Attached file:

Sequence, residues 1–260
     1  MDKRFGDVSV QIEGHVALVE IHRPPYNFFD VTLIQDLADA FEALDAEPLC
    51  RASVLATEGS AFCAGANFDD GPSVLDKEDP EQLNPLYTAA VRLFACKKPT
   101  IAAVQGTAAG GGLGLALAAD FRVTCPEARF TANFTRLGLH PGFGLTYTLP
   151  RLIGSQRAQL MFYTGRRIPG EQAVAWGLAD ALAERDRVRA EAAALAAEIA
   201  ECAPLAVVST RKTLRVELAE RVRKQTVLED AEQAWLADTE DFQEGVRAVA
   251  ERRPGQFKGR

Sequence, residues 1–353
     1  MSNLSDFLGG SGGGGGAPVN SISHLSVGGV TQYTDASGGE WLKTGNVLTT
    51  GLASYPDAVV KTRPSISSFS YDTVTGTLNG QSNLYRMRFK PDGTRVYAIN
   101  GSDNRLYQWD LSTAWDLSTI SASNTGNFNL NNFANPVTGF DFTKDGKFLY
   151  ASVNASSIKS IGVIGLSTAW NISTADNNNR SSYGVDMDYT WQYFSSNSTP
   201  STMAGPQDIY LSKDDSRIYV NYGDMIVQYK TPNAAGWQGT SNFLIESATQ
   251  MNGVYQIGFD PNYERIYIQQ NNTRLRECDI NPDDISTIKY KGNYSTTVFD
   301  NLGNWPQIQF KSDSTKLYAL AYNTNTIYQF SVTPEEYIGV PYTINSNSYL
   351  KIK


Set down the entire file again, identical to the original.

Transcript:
Sequence, residues 1–260
     1  MDKRFGDVSV QIEGHVALVE IHRPPYNFFD VTLIQDLADA FEALDAEPLC
    51  RASVLATEGS AFCAGANFDD GPSVLDKEDP EQLNPLYTAA VRLFACKKPT
   101  IAAVQGTAAG GGLGLALAAD FRVTCPEARF TANFTRLGLH PGFGLTYTLP
   151  RLIGSQRAQL MFYTGRRIPG EQAVAWGLAD ALAERDRVRA EAAALAAEIA
   201  ECAPLAVVST RKTLRVELAE RVRKQTVLED AEQAWLADTE DFQEGVRAVA
   251  ERRPGQFKGR

Sequence, residues 1–353
     1  MSNLSDFLGG SGGGGGAPVN SISHLSVGGV TQYTDASGGE WLKTGNVLTT
    51  GLASYPDAVV KTRPSISSFS YDTVTGTLNG QSNLYRMRFK PDGTRVYAIN
   101  GSDNRLYQWD LSTAWDLSTI SASNTGNFNL NNFANPVTGF DFTKDGKFLY
   151  ASVNASSIKS IGVIGLSTAW NISTADNNNR SSYGVDMDYT WQYFSSNSTP
   201  STMAGPQDIY LSKDDSRIYV NYGDMIVQYK TPNAAGWQGT SNFLIESATQ
   251  MNGVYQIGFD PNYERIYIQQ NNTRLRECDI NPDDISTIKY KGNYSTTVFD
   301  NLGNWPQIQF KSDSTKLYAL AYNTNTIYQF SVTPEEYIGV PYTINSNSYL
   351  KIK